This section is from "The American Cyclopaedia", by George Ripley And Charles A. Dana. Also available from Amazon: The New American Cyclopędia. 16 volumes complete..
Sir Richard, an English sculptor, born in London in 1775, died there, Sept. 1, 1856. He studied at first under his father and afterward under Canova, remaining in Italy from 1793 to 1797. Among his works are statues of Pitt, Fox, and Addison; the duke of York on the column in Waterloo place; the colossal equestrian bronze statue of George III. at Windsor; and the monuments of Oollingwood, Abercromby, Pakenham, and Erskine. He also excelled in the representation of children. His "Psyche" and "Cupid," "Nymph and Cupid," and the large rilievo of the " Dream of Horace " evince both skill and a feeling for the antique. In 1827 he succeeded Flaxman as professor of sculpture at the royal academy, and in 1837 was knighted.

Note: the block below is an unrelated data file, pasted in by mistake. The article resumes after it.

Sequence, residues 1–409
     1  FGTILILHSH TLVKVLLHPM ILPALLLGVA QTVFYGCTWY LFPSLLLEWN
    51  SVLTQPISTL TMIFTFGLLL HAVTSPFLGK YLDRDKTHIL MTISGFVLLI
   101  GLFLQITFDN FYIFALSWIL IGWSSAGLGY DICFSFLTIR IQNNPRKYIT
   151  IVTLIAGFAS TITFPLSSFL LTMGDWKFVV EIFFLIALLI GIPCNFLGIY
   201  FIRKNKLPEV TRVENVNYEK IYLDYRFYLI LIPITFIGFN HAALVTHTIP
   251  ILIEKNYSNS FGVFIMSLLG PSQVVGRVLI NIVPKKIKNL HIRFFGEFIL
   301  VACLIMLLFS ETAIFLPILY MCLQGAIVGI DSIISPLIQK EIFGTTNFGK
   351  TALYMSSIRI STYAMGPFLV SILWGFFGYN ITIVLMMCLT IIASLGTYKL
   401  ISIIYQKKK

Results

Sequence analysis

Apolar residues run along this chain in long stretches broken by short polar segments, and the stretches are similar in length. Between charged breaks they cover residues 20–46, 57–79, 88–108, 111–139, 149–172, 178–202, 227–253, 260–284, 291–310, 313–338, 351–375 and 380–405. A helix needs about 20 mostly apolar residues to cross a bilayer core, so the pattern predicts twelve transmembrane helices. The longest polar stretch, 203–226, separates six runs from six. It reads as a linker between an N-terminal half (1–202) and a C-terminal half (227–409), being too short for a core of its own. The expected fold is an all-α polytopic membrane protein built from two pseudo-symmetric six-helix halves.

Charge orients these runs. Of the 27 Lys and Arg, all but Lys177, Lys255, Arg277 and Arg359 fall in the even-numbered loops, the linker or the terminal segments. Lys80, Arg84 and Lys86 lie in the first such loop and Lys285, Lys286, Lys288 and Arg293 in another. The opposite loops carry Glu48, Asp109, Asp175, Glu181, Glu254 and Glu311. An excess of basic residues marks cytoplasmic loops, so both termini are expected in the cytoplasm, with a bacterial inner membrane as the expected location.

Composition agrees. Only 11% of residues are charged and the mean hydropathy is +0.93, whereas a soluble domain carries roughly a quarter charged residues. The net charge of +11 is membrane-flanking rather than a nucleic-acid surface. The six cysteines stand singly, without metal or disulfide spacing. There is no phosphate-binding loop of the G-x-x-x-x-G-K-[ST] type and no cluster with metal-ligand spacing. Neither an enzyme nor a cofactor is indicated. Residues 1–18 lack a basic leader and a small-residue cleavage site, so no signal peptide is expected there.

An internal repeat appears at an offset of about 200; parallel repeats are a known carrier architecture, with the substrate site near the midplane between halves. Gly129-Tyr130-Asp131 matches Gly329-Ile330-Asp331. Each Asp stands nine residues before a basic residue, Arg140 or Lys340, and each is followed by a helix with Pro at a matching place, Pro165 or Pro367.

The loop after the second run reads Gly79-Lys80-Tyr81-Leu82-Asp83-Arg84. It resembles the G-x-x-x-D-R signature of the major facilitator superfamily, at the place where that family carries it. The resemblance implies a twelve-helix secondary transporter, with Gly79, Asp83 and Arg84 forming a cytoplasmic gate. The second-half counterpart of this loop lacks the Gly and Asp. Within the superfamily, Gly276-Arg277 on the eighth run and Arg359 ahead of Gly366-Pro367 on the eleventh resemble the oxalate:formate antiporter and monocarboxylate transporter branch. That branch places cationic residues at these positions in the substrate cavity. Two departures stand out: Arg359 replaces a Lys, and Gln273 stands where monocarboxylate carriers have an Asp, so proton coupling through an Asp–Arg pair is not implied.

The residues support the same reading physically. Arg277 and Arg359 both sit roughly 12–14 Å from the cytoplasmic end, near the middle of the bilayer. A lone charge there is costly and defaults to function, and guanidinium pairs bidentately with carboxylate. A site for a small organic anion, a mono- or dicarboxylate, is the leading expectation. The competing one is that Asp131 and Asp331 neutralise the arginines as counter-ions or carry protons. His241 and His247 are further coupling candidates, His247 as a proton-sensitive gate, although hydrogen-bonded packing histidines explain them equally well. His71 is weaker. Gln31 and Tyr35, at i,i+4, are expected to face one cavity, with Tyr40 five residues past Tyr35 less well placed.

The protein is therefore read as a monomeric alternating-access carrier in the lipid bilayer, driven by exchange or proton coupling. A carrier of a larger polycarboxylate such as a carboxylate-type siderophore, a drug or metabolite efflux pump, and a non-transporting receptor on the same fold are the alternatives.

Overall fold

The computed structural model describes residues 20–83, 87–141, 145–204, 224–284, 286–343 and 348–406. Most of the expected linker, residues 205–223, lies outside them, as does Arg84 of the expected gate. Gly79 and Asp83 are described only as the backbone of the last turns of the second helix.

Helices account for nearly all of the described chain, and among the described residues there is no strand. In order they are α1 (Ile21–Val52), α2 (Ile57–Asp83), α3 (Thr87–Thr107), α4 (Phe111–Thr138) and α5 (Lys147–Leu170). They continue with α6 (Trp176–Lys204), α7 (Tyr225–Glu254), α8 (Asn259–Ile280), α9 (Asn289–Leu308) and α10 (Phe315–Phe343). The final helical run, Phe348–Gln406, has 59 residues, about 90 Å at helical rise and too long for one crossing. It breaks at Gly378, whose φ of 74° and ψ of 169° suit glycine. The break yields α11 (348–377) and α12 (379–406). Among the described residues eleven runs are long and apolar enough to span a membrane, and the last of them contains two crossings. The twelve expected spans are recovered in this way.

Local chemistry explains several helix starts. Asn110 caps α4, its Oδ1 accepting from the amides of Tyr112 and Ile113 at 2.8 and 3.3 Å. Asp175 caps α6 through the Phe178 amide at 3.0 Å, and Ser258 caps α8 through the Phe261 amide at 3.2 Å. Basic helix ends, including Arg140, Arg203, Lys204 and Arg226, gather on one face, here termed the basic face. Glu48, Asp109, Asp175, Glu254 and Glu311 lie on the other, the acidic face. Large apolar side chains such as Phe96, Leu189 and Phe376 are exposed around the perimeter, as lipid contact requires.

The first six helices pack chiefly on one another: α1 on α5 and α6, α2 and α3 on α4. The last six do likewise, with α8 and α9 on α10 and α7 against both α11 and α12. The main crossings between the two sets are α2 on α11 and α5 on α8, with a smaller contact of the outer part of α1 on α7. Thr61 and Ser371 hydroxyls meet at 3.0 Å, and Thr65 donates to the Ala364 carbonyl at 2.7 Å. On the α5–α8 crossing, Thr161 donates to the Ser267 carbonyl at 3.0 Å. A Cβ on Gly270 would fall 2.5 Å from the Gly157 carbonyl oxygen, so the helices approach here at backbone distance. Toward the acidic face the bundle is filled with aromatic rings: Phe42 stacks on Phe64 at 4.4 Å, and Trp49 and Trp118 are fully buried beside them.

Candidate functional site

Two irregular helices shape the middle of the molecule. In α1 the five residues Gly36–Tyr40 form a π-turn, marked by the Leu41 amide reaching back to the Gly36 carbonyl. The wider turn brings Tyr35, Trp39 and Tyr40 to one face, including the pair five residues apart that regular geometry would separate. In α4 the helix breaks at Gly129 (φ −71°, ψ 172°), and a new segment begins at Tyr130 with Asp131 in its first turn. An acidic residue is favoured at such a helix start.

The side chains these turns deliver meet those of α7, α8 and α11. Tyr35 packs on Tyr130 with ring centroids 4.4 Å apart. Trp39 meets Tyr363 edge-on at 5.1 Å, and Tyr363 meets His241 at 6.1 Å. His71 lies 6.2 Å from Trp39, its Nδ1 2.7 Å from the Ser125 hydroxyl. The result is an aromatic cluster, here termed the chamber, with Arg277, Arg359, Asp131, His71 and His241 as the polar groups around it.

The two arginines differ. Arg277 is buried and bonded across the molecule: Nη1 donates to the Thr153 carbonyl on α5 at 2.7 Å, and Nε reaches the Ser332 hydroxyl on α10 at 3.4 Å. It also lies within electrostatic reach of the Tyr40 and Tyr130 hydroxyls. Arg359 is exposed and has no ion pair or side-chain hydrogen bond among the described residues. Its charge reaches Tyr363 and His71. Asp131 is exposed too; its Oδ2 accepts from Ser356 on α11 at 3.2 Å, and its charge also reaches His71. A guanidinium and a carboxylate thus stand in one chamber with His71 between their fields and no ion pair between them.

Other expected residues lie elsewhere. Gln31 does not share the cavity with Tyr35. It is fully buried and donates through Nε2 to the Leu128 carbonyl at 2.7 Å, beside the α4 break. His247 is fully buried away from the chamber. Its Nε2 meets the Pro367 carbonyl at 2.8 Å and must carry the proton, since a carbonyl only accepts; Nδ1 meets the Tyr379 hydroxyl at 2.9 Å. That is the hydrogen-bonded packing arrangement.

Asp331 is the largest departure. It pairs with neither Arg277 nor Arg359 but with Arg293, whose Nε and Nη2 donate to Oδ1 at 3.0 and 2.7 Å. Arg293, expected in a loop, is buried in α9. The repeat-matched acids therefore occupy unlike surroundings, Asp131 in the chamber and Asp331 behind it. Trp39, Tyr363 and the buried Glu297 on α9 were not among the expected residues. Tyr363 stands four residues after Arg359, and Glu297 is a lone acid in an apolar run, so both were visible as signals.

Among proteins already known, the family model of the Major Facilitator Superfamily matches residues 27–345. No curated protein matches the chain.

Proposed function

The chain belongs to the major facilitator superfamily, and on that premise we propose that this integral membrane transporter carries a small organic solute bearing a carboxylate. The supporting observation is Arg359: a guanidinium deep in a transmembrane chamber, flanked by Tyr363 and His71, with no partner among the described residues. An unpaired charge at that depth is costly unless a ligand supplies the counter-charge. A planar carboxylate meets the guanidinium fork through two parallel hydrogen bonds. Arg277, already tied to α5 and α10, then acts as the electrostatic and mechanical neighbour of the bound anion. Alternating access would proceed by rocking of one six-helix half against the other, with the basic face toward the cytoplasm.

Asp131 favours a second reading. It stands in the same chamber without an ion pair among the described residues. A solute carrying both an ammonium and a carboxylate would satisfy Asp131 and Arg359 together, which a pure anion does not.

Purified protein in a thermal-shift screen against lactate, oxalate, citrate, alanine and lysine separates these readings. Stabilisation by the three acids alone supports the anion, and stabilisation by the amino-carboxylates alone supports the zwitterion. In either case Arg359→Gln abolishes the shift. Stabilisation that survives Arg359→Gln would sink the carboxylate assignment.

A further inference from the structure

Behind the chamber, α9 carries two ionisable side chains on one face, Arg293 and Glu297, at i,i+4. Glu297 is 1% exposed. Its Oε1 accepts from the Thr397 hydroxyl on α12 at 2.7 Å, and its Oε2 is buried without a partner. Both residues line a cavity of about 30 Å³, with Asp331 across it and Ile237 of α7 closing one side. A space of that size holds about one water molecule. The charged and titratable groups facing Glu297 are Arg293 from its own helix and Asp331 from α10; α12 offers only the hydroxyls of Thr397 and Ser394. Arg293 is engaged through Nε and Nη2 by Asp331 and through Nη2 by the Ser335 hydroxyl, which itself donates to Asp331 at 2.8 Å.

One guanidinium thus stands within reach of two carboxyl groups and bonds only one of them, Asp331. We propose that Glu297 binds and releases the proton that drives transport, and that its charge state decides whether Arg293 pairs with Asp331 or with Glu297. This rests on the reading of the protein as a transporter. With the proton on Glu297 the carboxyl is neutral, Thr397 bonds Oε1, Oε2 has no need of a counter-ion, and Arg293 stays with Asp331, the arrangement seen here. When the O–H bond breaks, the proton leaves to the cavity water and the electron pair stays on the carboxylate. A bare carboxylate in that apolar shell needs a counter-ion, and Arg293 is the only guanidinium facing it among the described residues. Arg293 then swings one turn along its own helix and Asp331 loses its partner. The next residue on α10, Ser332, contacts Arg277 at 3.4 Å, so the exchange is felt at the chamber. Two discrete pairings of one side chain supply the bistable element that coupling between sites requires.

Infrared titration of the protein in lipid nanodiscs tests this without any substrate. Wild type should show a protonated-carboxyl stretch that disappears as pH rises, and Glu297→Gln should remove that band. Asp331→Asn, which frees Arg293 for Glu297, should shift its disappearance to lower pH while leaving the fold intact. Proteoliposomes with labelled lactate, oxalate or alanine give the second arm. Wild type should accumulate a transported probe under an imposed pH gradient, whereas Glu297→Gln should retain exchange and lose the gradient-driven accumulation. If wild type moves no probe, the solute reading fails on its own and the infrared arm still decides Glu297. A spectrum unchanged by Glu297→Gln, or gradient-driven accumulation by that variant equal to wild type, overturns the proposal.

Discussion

Richard, son of the preceding, born in London in 1799, died April 19, 1872. He studied under his father and in Italy from 1820 to 1826. He treated subjects taken from classic mythology in his father's style, but excelled in devotional and monumental works. Among the latter are the recumbent figure of the archbishop of Canterbury, the " Angel Watching" on the Ashburton monument, "David as the Slayer of Goliath," and the group of figures on the pediment of the royal exchange. He succeeded his father as professor of sculpture in 1857.